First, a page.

But first, the Dolphins did a foolish thing the other day. They fired their head coach Brian Flores. It was foolish not because Flores is black and his dismissal led to another avalanche of punditry lamenting the treatment of black coaches in a league clearly flourishing on a foundation of black talent – though the loss of another black coach is indeed a discouraging development. The reason Flores’ departure is foolish is that he is a good coach and the Dolphins may well have been on the right track under his leadership.

Flores finished with a 24-25 record and no play-offs in three seasons in Miami, but the team was developing an impressive defence and its quarterback showed some resilience and skill this season. There’s lots of speculation about why the owner chose to dismiss Flores instead of GM Chris Grier; sports pundits are jumping to criticize owner Stephen Ross’ choice. Most observers think Flores will get another head coaching opportunity, perhaps even this off-season. And the bet here is that he will make Miami regret its choice.

Meanwhile, in a truly amazing last game of the regular season, the Las Vegas (formerly Oakland and Los Angeles) Raiders edged the Los Angeles (formerly San Diego) Chargers in an overtime game in which a tie result would have seen both teams reach the play-offs. Many wondered why the Raiders took some risks to win when a tie would have guaranteed their play-off berth. Perhaps the reason is they will now face Cincinnati in the first round on Saturday instead of Kansas City. And it says here the Raiders chose well, and will upset the Bengals, for all of whose young stars this will be the first post season.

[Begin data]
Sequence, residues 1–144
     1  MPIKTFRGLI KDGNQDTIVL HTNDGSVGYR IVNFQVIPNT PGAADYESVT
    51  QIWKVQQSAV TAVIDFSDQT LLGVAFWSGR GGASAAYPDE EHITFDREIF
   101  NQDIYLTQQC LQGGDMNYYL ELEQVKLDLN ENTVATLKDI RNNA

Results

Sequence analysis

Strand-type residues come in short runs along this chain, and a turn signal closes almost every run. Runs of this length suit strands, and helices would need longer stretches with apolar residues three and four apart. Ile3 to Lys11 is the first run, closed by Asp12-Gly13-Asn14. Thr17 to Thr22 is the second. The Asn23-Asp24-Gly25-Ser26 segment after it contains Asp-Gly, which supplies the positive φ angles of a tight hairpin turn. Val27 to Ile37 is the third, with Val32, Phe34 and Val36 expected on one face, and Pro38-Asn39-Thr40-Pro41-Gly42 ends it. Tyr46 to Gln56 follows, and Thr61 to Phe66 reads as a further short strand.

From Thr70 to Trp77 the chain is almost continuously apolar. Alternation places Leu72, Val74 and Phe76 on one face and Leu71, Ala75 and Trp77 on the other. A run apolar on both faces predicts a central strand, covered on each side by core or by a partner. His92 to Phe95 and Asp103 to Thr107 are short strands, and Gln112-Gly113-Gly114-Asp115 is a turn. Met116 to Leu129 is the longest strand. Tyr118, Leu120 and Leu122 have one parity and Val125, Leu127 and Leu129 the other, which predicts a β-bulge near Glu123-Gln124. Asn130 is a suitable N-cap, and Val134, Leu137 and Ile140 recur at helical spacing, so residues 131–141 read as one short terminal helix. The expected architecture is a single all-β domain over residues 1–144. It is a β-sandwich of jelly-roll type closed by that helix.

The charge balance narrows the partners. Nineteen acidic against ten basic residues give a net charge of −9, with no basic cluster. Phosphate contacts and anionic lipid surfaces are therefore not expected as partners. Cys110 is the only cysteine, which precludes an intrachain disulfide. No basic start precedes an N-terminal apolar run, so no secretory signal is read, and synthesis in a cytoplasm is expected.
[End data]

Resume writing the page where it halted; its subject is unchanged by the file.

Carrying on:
Elsewhere in the American Conference, favoured Buffalo’s greater experience at quarterback and playing at home should see them past the Patriots and legendary coach Bill Belichick, and Kansas City probably won’t cover its 13-point betting edge over Pittsburgh, but should finish Steelers QB Ben Roethlisberger’s long, successful career with a loss.

In the NFC, the defending champion Buccaneers should eliminate the surprising Philadelphia Eagles on Sunday, but won’t cover their nine-point betting edge. And the Rams should reap the rewards of all their in-season star signings by winning their third match of this season with Arizona. But the Dallas Cowboys, still often described as “America’s Team” despite having won no championship in 25 years, will be the second home favourites to stumble in the first round. Their visitors from San Francisco, like the Raiders, are emerging hot from a strong division race and should ambush the Cowboys.


JohnQ 4 months ago

Charlie Harper is a biased Socialist Democrat bootlicker. The failures of Joe Biden and his Socialist Democrat partners are obvious. Feeble and incoherent, Biden continues his rapid decline for all the public to witness. The Emperor has no clothes Charlie.

Politically slanted "Columnists" such as Charlie Harper are allies in the widespread attempts to rescue the unpopular Socialist agenda and work hard to deceive readers. There is no better example of the biased political slant than this - "Who knows what mischief the GOP might have in mind by then?" -

The Tribune can and should do better.


Alan1 4 months ago

I cannot understand why The Tribune continues Harper's biased reporting every week. It is far from objective. We do not need a column on U.S. affairs. People can turn on American television or go online to the U.S. news websites.


Sign in to comment